could begin to broach opening interstate insurance competition or visiting
tort reform, it has become laughable that a wide range of options and
back-to-the-drawing-board rhetoric is still passing for a proclamation.
The failure to hit concrete points like the who and how of its bankrolling
(made more curious the day after when even prominent Democrats were
waiting on number-crunchers to figure how in the world $900 billion
over ten years would pay for this thing) was manifest upon a reading
of the transcript the next morning. Without the drama and inflection
of the performance there seemed to be nothing in the text that answers
the key questions, and since the Democrats have no one even close to
this guy's ability to communicate, trouble still brews.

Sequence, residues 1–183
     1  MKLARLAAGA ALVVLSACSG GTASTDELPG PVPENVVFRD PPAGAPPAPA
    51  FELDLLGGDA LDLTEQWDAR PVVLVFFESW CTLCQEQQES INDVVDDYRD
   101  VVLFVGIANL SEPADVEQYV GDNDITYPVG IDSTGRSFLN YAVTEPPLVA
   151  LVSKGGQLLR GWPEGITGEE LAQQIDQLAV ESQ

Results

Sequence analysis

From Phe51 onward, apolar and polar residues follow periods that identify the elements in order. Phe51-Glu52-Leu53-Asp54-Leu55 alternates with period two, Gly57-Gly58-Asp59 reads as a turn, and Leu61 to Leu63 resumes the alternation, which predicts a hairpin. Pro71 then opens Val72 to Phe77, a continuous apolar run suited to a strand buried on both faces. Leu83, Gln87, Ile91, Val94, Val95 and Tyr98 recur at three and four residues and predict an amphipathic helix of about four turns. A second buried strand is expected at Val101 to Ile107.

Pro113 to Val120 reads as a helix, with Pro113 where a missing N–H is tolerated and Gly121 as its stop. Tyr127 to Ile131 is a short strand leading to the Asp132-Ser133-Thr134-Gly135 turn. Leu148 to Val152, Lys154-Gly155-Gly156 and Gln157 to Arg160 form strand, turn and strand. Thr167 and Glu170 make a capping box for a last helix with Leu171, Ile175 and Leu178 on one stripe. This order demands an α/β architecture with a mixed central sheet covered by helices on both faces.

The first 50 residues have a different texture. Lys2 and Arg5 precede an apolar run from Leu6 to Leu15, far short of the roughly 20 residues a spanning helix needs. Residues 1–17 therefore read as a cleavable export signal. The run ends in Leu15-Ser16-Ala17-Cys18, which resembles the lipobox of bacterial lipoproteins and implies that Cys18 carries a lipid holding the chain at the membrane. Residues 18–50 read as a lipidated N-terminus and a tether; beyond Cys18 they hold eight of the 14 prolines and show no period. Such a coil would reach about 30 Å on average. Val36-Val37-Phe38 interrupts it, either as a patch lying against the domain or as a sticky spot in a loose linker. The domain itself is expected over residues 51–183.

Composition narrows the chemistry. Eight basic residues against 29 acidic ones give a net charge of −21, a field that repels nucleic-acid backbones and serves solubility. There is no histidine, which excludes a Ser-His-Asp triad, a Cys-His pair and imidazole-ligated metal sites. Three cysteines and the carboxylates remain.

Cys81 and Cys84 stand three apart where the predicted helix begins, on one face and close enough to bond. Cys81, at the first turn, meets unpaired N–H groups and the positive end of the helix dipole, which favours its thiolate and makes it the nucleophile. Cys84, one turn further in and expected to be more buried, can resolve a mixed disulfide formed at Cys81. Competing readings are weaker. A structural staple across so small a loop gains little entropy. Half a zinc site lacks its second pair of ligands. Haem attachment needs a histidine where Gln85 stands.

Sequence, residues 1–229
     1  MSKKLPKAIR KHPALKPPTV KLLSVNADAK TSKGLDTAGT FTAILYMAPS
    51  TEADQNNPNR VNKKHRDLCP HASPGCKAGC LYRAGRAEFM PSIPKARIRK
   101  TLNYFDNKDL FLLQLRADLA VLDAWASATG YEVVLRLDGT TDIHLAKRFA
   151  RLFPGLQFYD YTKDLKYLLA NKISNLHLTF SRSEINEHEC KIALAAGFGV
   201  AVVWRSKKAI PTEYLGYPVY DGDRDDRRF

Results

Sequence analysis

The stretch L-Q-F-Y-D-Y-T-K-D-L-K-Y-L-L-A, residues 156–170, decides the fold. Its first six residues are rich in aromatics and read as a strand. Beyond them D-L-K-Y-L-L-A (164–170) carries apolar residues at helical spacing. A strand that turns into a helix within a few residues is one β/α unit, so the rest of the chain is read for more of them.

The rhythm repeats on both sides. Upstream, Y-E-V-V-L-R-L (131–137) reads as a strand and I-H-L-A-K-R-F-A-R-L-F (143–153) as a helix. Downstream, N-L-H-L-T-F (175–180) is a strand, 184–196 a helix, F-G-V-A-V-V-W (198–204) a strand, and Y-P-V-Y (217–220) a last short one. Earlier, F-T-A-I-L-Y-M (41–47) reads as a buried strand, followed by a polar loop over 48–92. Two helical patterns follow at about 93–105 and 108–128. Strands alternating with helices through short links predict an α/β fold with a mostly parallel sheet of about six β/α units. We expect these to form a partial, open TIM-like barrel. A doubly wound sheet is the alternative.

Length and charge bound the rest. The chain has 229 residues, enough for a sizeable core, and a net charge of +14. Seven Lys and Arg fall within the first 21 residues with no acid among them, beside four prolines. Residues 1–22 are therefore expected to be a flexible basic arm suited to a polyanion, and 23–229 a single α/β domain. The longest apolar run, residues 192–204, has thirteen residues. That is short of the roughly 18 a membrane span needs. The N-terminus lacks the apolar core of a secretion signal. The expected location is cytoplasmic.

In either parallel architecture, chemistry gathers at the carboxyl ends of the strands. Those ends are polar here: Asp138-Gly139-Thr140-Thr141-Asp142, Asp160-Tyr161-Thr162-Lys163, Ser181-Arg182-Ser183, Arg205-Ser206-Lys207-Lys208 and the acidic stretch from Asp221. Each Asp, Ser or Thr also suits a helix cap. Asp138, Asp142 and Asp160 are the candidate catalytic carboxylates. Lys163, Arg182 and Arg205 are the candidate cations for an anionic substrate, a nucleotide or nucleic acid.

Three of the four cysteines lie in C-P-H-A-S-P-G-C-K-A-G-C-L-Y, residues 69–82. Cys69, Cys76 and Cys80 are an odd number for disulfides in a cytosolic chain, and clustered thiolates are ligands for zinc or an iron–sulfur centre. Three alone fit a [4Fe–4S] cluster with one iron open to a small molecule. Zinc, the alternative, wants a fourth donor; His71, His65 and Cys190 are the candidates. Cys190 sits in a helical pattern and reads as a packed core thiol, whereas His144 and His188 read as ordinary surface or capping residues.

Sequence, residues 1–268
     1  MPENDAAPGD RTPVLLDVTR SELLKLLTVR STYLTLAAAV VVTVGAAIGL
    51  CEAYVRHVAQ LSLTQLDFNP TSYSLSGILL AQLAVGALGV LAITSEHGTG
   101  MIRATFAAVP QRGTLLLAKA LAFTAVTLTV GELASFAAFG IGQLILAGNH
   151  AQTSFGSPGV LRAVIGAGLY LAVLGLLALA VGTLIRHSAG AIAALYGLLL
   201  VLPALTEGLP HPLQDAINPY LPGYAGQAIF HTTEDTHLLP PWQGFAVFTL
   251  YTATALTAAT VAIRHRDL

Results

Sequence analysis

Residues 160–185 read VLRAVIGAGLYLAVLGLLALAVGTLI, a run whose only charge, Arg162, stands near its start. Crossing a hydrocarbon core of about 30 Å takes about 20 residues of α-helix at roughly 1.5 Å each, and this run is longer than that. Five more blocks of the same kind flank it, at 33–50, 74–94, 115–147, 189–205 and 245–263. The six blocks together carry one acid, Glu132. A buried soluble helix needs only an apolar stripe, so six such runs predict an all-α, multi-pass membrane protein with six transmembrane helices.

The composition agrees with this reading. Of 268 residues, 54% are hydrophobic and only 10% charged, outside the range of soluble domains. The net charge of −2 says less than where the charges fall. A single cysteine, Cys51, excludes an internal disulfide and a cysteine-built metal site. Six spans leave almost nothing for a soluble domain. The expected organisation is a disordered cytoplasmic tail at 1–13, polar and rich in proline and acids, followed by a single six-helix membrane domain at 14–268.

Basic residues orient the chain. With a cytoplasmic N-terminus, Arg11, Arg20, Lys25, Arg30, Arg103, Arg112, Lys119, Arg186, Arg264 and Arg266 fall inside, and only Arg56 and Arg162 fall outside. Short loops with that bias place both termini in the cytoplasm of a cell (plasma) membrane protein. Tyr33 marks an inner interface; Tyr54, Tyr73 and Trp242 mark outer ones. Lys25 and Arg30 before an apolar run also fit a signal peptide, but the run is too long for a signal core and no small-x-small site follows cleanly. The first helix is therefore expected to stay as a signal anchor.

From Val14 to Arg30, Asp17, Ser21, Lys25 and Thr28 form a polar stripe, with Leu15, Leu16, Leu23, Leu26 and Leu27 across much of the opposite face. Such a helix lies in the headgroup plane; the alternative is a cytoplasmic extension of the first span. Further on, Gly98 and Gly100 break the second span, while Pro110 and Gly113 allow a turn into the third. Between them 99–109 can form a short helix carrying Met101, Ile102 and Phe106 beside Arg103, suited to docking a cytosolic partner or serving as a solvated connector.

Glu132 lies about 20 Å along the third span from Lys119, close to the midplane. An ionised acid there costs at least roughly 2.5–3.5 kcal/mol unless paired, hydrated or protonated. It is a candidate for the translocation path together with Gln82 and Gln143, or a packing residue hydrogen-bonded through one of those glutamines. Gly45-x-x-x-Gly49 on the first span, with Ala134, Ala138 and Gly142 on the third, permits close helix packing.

Meanwhile, the Republicans are also slowly splitting at the seams. There
is the tried and true political animal salivating from The Right refusing
to cast a vote for anything that would hand this president a much-needed
first term victory, one in which has avoided chief executives for nearly
a century. Then there is a growing contingent of moderates and survivalists
(political animals all) lead by Maine Senator Olympia Snow, who understands
all to well that being on the wrong side of history is not a wise move.
If the train has left the station, it is better to not be left on the
platform with nary a voice or anyone to bow to. But they have also learned
the lessons from the Democrats who voted with fervor for an unpopular
and badly conceived war, only to be buried by its abysmal results.
This has now become the new administration's gamble, as Iraq was the
last go-round. This time, however, unlike a few poor souls being shipped
halfway across the globe on the wave of flimsy excuses, we're all on
the front lines now.
© James Campion September 11th 2009
M Kennedy 1932-2009
Campion + Readers Responses
is a good thing Ted Kennedy is Irish Catholic. He's going to heaven.